Central Cambria’s Alyssa Brandis (Angie Gioiosa Memorial Award), Bellwood-Antis’ Noah Davis (Ron Rickens Sportsmanship Award, male), Penn Cambria’s Taylor Freeman (Erin Dodson Memorial Award), Central Cambria’s Max Kirsch (Frank Kiraly Memorial Award), Cambria Heights’ Tristin Irwin (Erin Johnson Award) and Hollidaysburg’s Hannah Mercer (Ron Rickens Sportsmanship Award, female) took home the other major awards. More than 60 recipients of the 611 MRI Altoona Mirror Athlete of the Week awards also received plaques.
It was Dell, though, who put everything in amazing perspective.
“That was a gold-medal speech,” said Mirror general manager Erik Brown a few moments later as he took the stage to give Dell a gift: a plaque of her own with the group picture of her with the Mirror all-star track and field team from her senior year of high school.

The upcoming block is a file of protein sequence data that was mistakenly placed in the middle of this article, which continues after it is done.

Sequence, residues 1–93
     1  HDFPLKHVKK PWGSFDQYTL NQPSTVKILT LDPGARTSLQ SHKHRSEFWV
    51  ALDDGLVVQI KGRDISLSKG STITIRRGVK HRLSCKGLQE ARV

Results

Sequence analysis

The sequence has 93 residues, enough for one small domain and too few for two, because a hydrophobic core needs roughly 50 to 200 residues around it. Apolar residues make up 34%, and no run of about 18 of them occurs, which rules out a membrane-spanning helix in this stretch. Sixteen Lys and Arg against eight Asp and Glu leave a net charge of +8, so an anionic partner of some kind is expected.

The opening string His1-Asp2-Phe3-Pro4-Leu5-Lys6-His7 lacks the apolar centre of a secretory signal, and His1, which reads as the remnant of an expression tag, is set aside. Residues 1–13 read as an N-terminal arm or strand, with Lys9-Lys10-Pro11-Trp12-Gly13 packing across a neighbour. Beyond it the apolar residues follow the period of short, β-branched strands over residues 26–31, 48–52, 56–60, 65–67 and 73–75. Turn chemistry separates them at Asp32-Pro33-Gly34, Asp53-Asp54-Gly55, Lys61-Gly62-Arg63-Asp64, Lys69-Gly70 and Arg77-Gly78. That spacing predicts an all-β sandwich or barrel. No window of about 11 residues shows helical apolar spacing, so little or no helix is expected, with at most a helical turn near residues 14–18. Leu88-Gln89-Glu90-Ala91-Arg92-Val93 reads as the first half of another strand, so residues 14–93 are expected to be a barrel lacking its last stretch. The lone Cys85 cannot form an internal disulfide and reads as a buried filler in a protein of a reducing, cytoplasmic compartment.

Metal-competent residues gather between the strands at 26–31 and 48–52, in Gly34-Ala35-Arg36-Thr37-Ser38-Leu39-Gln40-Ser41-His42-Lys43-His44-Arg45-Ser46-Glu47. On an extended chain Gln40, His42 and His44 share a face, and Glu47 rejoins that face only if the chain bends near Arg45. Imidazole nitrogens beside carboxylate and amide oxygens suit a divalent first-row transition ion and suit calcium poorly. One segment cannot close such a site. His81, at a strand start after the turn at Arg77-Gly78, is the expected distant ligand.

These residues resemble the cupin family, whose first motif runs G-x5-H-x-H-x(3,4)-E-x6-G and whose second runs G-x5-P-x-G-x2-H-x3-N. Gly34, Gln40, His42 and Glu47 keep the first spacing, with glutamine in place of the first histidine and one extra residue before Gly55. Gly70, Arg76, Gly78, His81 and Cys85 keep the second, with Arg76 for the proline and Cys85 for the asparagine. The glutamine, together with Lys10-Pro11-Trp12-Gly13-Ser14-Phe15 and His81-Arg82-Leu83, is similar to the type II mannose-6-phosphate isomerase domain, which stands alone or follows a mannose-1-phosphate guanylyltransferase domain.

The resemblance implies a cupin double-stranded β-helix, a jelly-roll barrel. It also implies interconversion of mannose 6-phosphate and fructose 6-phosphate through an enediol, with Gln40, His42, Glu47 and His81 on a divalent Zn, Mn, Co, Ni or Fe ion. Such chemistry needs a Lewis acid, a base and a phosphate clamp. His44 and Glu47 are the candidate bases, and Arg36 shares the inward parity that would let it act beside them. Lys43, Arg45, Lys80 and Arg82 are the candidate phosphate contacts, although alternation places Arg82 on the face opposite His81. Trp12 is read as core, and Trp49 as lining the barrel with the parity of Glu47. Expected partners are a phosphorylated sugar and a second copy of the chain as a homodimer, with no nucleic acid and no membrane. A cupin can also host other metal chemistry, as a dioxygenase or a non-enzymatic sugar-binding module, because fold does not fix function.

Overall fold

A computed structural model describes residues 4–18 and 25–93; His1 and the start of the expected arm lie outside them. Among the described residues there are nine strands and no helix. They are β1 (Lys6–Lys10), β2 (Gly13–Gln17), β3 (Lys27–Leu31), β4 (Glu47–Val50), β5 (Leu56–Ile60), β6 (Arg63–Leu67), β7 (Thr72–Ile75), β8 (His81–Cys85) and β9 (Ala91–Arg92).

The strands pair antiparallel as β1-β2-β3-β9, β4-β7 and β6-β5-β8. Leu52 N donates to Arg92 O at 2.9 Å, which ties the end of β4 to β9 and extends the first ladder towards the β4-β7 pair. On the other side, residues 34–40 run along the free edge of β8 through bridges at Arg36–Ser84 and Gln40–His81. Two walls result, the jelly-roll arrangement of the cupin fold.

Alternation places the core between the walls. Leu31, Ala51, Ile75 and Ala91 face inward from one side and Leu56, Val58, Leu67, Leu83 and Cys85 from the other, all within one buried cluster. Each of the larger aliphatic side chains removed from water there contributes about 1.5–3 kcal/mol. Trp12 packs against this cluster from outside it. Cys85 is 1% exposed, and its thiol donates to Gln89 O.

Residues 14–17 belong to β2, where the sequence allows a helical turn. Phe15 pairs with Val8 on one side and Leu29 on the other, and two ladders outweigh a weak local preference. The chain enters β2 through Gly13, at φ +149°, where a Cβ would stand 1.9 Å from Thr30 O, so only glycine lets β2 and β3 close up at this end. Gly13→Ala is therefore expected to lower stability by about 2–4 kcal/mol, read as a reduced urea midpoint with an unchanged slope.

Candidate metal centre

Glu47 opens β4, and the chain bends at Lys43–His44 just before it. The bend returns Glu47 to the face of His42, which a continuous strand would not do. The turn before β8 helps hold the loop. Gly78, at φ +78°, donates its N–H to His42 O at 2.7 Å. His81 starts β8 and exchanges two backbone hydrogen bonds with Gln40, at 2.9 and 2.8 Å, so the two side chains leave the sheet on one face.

Accompanied by friend and high school teammate Stephanie Strittmatter, Dell held the crowd in the palm of her hand, as she talked about watching Attah and how the idea for her speech coalesced during her plane trip from San Francisco, joked about meeting Dwayne “The Rock” Johnson, briefly touched on her own Olympic journey and waxed philosophical when discussing how both she and Strittmatter – a college distance runner turned biathlete – went on to have success in different sports than those in which they started.
“I didn’t find the sport that I was truly meant to do until I was in college, and I’ve got to be honest, I think there are a few other sports that God has made me to do, and I have yet to find them,” Dell said. “The door is not closed. There are a lot of sports out there. Keep your hear opened. Keep your mind opened.”